Energy giant BP has dangled another big bauble in front of those who will decide the fate of its ScotWind offshore wind bid, with jobs hopes from new Scottish-built ships.
The company did a scoping visit to shipyards in Fife and the Glasgow area yesterday (December 6), revealing ambitions to build four new vessels to service wind farm projects in the North Sea and Irish Sea.
They are part of a potential £10 billion investment package to make Scotland a global leader in offshore wind and accelerate the country’s energy transition.
Crown Estate Scotland aims to make initial offers to successful applicants to its ScotWind bidding auction in January.
BP and German company EnBW have submitted a joint bid which, if successful, would see them build a 2.9-gigawatt wind farm in the North Sea.
They say their plans will support thousands of jobs in the Scottish energy sector and supply chain, and also develop new energy transition jobs, skills and capabilities.
ScotWind success is also expected to deliver a bounty worth around £40 million annually to the Aberdeen economy, and create up to 120 jobs in and around the city.
BP and EnBW revealed details of their shipbuilding ambitions after a tour of two Scottish yards – Babcock International at Rosyth and Ferguson Marine at Port Glasgow.
Richard Haydock, project director for BP’s Irish Sea wind farm leases, said: “We are very impressed with what we have seen. today.
“We looking forward to, hopefully, coming back for the next stage of discussions.”
But the strong show of support for Scottish shipbuilding capability came with a warning that BP may look elsewhere for new vessels to support its Morgan and Mona offshore wind projects in the Irish Sea if it fails in its ScotWind bid.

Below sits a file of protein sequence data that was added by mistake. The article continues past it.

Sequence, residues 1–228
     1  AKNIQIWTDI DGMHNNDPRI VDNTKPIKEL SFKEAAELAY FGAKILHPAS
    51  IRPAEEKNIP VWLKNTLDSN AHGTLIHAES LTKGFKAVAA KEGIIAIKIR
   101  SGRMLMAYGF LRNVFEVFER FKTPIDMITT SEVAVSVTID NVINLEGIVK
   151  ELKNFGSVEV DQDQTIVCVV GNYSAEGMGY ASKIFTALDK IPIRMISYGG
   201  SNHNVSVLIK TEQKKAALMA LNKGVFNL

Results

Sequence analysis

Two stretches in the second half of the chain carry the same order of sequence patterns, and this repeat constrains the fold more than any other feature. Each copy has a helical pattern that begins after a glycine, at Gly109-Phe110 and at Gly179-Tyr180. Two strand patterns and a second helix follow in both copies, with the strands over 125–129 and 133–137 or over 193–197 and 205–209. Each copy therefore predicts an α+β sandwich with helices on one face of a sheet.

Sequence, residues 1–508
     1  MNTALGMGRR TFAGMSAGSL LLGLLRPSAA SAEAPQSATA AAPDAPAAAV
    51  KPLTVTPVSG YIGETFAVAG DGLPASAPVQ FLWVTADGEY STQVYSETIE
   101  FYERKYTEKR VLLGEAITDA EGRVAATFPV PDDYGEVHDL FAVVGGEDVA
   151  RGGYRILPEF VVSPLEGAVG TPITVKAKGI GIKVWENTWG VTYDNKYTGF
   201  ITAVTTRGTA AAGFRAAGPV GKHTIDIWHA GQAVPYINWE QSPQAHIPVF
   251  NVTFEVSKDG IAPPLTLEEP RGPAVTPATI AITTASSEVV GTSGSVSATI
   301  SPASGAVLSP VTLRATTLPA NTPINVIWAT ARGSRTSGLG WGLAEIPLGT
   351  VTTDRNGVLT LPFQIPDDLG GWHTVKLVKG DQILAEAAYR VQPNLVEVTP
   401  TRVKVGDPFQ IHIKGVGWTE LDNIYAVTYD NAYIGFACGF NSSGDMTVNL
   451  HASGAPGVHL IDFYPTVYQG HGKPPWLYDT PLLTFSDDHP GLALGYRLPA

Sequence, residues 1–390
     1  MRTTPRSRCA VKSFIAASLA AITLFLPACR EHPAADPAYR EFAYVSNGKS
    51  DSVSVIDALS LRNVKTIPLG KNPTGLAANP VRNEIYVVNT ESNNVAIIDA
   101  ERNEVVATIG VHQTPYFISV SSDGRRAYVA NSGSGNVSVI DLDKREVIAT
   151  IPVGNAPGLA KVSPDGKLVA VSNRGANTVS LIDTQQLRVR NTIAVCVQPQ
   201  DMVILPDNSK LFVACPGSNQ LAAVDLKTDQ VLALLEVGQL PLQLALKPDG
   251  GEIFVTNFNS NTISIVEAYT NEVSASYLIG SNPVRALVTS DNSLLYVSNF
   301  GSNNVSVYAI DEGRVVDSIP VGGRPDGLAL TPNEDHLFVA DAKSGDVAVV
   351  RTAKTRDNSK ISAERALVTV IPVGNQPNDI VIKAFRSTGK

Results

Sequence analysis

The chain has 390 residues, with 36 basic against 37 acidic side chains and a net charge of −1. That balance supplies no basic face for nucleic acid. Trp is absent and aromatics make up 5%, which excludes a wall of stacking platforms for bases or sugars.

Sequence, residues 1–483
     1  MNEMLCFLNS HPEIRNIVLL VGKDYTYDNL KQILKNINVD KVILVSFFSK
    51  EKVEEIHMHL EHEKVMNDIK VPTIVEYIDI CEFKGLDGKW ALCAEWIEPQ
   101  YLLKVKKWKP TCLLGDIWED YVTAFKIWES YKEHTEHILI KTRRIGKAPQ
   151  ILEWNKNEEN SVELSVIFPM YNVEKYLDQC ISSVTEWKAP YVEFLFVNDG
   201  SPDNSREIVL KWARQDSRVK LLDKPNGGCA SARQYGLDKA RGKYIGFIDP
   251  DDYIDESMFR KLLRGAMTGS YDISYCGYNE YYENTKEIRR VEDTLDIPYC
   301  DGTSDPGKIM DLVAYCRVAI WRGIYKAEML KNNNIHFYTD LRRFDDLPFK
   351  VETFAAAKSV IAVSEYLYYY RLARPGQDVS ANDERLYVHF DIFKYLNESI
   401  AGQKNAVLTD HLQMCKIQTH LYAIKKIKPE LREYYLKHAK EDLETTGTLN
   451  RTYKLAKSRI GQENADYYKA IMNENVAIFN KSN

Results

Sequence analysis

Felipe Arbelaez, senior vice-president, zero-carbon energy, BP, said: “We would have to “evaluate all options.”
Four new ships are planned – two offshore support vessels and two for crew transfers.
Mr Haydock said two of them – one of each kind – would likely be based on the east coast if the ScotWind bid succeeds.
Construction of the vessels in Scotland would support an estimated 500 jobs, BP said.
Granite City at the heart of BP’s offshore wind plans
Aberdeen, where BP is the city council’s preferred bidder and commercial partner to build Scotland’s first scalable green hydrogen production plant, will host a new centre of excellence for offshore wind, as well as an operations and maintenance facility under the BP-EnBW plans.
The joint ScotWind bid goes far beyond the delivery of offshore wind development.
It is also expected to deliver significant investment in Scotland’s energy transition, including electric vehicle charging, green hydrogen, support for ports and reskilling.
Ferguson Marine turnaround director Tim Hair said the Port Glasgow yard was ready for the task of building the vessels.
“We’re very confident we can produce the ships that are required,” Mr Hair said, adding: “There would be a skills base available to BP.”
Ferguson Marine is the firm behind two over-budget and delayed ferries being built for Caledonian MacBrayne.
The Scottish Government saved the company in 2019 after it plunged into administration.
BP is “actively looking” at low-carbon technologies for its four new vessels, Mr Haydock said.
Mr Arbelaez added the company was also still mulling over how it would finance them.